Here’s another linkage connection where a “tin nut” is used instead of a washer to hold the rod in place. No clevis pin is used in this type of connection.

Here is a different style of cotter pin we found while working on an early postwar Mopar vehicle. It’s actually a variation on the modern R-pin.

Here that different style of cotter pin is seen in use.

Removing a cotter pin can be easy or very difficult. A brass hammer is being used in this case. Over the years cotter pins can get pretty rusty or they can suffer metal fatigue. These are good reasons not to re-use a cotter pin.

Here is an R-pin. You see these used a lot on trailers.

There are times when none of these techniques work. As Sarna puts it, “All mechanics have had cotter pins that won’t come out by the top loop. The legs get broken off in a removal attempt and you have just what’s left in the hole. It’s possible to use a socket and a 1 ⁄2-inch breaker bar to force a nut over the remains of a cotter pin, but the little buggers will do their job right to the bitter end and not let the nut vibrate loose.”

Personally, we’ve had to cut, chop,

grind and heat cotter pins to remove them. If you consider the reason cotter pins get difficult to remove, you’ll realize that you are trying to pull the cotter pin out in a straight line. If there are any twists in the cotter pin. They will cause it to stick. You need a rightangle pulling motion instead of an in-line pulling motion.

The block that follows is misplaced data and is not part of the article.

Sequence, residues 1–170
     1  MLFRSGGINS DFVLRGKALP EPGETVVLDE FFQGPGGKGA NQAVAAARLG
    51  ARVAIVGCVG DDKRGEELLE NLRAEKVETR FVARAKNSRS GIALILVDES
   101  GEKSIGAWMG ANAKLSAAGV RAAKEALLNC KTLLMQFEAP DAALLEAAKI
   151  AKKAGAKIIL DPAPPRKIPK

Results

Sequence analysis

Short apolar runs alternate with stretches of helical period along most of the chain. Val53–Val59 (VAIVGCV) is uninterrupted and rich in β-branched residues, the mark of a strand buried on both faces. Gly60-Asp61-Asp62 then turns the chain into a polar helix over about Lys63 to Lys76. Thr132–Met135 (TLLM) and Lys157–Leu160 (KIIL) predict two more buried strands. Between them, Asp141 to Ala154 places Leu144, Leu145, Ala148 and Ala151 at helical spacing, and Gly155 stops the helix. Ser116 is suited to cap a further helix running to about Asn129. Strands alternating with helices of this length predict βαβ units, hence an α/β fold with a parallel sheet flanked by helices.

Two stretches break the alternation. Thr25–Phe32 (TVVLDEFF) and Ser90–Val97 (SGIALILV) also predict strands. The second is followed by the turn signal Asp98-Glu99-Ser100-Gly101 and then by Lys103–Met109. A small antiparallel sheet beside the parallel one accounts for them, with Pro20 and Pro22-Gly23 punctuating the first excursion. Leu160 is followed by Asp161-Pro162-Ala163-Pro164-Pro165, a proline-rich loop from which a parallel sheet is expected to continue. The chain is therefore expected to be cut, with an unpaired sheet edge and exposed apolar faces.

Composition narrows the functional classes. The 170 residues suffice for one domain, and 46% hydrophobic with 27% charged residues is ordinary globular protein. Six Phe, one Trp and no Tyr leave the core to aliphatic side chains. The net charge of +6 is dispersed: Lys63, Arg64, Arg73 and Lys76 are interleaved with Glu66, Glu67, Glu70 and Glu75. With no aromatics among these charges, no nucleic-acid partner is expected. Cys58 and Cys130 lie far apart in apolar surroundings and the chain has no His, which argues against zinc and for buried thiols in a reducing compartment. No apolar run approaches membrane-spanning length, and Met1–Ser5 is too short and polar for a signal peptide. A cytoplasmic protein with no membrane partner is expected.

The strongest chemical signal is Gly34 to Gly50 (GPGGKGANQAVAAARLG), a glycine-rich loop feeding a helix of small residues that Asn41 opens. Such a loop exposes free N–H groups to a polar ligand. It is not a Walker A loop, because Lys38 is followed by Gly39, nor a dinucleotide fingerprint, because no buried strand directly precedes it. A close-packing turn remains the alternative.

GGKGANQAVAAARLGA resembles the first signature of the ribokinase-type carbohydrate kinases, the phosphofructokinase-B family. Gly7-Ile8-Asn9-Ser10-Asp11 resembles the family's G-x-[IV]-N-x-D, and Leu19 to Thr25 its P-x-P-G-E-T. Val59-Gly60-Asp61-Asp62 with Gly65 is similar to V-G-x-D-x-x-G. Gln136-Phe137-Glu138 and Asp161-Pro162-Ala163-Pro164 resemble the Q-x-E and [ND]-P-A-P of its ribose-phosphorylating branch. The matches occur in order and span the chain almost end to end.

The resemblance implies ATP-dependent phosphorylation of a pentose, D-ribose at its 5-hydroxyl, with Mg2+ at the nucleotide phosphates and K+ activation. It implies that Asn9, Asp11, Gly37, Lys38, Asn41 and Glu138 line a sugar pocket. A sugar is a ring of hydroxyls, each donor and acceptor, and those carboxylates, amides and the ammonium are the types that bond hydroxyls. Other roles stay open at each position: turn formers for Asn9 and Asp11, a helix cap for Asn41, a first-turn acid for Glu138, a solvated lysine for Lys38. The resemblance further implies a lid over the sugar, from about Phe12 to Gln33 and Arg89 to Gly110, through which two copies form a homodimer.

One way to create this is to use an old “scissors style” drum brake tool. Position the tool so that you can grab the cotter pin’s “eye” with one end of the tool or the other. You’ll find the scissor design provides you with extra leverage that will pull out the pin.

Advances In Cotter pin Technology

The standard old-fashioned cotter pin that we’ve spent time talking about here is not the only kind available today. A more modern type looks somewhat similar to a capital letter “R” except that the angled “leg” is springloaded. These get inserted by pushing the straight leg far enough down through the locking hole so that the wavy spring-loaded leg will be pushed against the part you want to lock in place and hold it there.

These R-clips (also known as R-pins, R-keys, hairpin cotter pins, hairpin cotters, bridge pins, hitch pins and spring cotter pins) are handy for securing the ends of round shafts like axles and clevis pins. They also come in handy for locking trailer parts in position. There is a double-loop type with a wider range of shaft sizes that spreads out stresses more evenly and lasts far longer. R-clips are made of a harder, rounder wire than cotter pin wire. They work like cotter pins, but are easier to remove and are re-usable.